It's on us. Share your news here.

Harlan County Lake project to remove sediments, invasive species

A blue heron stands near the edge of a lake.

Posted on January 31, 2024

Work is underway on a $9.25 million project to improve fishing and aquatic habitat on the state’s second largest lake.

Construction began last month at the 13,000-acre Harlan County Lake to remove sediments that blocked access to the popular Methodist Cove near Alma and create spawning and overwintering areas for fish.

Removal of invasive species, including salt cedar, is also part of the work, a joint project of the U.S. Army Corps of Engineers and the Nebraska Game and Parks Commission.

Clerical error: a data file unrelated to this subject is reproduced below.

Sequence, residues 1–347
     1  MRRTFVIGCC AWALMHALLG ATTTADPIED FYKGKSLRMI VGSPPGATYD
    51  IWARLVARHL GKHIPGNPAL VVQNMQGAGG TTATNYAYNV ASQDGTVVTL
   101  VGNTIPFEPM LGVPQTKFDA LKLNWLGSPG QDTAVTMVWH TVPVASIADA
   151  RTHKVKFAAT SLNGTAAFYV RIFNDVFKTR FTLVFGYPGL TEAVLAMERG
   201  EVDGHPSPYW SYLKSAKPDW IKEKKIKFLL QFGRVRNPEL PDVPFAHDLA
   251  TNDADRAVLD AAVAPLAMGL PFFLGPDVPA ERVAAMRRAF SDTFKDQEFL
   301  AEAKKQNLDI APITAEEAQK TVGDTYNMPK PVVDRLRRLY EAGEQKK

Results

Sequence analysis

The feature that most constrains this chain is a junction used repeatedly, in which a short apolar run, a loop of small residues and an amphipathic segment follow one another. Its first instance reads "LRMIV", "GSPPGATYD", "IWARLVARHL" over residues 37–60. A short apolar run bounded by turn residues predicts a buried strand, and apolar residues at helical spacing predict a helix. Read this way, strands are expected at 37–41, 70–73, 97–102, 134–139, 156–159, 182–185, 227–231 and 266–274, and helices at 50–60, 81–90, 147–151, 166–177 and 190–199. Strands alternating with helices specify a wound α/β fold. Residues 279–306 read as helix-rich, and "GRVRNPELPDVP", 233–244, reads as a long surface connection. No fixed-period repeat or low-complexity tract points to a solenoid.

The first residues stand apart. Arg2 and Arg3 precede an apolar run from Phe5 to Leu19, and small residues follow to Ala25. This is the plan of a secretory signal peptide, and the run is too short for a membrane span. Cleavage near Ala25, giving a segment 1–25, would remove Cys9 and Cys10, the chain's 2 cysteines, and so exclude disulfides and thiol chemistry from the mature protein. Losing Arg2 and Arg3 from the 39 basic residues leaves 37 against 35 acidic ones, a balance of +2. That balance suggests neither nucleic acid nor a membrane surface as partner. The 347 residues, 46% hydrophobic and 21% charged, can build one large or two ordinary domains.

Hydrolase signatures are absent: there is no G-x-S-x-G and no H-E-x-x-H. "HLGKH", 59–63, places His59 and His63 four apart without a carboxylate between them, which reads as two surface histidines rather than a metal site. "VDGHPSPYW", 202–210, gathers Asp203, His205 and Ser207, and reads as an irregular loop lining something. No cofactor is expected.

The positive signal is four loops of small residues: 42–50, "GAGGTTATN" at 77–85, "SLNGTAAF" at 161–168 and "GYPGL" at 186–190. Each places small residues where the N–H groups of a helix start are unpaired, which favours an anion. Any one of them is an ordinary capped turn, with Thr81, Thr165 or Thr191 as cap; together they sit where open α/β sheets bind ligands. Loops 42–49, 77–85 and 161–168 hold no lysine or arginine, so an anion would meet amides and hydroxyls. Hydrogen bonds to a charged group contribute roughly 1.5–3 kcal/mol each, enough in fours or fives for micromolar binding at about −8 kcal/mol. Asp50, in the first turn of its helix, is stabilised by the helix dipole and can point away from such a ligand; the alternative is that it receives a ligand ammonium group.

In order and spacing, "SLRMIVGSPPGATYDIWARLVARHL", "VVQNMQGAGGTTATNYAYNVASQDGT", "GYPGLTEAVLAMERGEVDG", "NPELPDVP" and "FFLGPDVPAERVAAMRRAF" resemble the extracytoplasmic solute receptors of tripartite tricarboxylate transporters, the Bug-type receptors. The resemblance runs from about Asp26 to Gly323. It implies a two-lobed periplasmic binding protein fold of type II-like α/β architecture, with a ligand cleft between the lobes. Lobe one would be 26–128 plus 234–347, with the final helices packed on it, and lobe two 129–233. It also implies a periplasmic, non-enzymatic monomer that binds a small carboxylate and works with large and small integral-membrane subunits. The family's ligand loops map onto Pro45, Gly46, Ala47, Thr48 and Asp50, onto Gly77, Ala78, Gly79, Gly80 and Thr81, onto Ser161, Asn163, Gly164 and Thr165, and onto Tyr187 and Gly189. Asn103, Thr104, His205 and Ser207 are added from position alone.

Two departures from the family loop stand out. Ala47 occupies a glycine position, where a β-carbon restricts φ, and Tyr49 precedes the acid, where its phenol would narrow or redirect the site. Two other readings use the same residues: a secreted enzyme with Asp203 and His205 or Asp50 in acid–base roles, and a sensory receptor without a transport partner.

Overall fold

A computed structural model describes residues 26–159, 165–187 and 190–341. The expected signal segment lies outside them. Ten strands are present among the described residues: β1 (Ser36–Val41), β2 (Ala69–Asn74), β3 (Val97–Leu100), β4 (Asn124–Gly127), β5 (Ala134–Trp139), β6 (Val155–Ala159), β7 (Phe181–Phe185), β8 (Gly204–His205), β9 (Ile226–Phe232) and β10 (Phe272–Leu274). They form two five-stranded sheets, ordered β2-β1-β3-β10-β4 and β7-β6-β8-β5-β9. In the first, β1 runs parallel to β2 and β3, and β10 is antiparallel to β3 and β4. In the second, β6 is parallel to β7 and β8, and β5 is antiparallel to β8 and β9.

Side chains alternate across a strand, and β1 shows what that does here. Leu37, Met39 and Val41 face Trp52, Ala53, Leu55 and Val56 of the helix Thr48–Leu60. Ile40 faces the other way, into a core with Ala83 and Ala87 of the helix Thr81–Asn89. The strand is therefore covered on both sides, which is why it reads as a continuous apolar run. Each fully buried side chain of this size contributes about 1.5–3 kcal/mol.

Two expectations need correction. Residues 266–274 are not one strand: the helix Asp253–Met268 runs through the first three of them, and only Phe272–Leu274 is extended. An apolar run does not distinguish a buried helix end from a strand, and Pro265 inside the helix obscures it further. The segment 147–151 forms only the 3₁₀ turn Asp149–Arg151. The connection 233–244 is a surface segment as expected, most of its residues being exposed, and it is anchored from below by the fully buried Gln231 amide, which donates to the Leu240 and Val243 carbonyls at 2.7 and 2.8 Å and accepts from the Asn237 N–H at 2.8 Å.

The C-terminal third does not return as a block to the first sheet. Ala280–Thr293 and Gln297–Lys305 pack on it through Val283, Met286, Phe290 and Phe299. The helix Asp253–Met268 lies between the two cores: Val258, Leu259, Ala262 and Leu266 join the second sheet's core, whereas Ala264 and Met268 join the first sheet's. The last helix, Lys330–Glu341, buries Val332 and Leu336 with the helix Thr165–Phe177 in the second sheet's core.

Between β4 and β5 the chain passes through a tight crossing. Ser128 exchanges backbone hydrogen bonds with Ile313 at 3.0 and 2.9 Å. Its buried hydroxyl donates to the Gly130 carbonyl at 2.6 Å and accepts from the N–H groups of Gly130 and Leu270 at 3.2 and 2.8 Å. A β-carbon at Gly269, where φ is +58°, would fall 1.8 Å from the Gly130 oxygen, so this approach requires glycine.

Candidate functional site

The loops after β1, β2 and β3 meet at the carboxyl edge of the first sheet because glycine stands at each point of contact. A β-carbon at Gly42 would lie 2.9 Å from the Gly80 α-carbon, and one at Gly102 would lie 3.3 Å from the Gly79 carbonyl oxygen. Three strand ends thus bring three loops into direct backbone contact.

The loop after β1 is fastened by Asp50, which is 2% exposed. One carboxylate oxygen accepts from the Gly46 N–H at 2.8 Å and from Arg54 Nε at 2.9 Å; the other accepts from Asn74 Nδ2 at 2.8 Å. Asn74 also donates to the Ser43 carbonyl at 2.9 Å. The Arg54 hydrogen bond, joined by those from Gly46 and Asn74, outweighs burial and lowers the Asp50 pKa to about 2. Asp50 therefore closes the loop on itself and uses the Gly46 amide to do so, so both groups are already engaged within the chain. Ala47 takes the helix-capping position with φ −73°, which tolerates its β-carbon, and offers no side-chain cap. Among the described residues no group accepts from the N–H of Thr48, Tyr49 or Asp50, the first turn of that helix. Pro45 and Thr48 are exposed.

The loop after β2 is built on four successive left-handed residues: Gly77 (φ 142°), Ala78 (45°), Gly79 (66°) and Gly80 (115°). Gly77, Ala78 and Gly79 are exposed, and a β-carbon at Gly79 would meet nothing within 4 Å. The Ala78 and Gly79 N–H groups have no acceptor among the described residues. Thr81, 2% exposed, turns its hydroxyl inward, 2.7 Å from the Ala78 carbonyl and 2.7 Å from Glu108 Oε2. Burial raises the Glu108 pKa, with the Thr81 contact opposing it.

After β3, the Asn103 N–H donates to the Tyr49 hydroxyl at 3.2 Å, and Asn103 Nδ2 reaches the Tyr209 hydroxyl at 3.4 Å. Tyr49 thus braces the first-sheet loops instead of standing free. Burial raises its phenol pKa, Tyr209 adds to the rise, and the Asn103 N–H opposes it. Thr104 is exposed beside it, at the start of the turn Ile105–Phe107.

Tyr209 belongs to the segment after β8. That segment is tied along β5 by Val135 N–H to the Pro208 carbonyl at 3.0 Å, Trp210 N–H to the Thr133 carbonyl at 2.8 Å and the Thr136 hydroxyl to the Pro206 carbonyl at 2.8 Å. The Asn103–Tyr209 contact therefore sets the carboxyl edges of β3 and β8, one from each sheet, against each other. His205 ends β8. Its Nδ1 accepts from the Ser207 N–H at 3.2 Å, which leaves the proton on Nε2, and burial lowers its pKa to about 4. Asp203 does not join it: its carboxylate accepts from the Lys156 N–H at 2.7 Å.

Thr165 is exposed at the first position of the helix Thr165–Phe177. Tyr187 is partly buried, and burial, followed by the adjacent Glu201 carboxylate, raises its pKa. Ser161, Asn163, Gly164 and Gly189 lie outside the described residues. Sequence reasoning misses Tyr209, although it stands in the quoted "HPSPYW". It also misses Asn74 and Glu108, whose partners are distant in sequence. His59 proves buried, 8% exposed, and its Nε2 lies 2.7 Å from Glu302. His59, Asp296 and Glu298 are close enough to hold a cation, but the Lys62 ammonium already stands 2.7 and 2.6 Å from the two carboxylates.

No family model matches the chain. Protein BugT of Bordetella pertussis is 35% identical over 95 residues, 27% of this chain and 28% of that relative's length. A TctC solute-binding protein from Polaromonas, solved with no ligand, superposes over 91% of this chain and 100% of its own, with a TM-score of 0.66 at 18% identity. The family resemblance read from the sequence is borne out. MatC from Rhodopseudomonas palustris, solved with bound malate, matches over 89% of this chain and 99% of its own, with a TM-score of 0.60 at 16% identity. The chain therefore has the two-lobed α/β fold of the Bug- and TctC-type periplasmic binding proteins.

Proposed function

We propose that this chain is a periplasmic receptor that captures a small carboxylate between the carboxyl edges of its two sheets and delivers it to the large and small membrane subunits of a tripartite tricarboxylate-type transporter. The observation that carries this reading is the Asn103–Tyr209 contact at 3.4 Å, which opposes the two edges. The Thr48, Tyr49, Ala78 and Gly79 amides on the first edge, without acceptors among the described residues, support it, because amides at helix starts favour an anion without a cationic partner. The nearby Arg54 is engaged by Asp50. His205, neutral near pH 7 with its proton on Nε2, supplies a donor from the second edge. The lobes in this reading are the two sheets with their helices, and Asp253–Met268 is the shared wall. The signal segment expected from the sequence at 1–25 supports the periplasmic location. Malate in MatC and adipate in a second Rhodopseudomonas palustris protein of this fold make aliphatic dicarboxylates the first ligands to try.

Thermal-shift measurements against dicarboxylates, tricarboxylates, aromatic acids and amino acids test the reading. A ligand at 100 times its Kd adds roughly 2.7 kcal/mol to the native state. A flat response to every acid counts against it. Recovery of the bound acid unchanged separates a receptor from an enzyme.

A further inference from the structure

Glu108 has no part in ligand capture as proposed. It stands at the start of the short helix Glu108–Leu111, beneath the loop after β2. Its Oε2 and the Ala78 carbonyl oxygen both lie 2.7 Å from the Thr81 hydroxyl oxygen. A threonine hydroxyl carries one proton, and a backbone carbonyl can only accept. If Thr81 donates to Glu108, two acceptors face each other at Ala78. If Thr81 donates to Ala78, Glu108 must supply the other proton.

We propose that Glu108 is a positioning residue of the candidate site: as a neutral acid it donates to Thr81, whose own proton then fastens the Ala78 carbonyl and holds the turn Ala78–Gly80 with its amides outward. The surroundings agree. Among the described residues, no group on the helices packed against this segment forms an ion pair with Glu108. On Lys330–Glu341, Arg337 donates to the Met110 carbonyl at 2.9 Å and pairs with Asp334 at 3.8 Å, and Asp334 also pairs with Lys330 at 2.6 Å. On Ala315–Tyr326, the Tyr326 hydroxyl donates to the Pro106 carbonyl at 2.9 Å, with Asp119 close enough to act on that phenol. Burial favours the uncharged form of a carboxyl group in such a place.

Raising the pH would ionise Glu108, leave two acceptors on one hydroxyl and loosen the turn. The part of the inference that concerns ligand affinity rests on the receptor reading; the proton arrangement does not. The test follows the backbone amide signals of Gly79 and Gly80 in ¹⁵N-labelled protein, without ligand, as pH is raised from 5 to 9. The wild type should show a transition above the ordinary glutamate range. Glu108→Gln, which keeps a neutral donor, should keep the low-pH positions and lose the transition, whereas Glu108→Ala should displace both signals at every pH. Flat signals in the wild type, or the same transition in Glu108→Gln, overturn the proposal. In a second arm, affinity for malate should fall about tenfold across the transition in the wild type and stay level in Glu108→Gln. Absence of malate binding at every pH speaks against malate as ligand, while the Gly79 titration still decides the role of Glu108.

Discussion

Other work, according to a press release from the Corps, includes excavation and dredging to create fish passage and spawning areas, installation of breakwaters and rock groins to control erosion and deposits of sediment and the installation of artificial structures and vegetation to improve aquatic habitat.

Cedar trees removed during the project will be used to create fish habitat within Methodist Bay.

Construction work is scheduled to continue through 2024 and into early 2025. Access to Methodist Cove and surrounding public lands may be restricted.


It's on us. Share your news here.
Submit Your News Today

Join Our
Click to Subscribe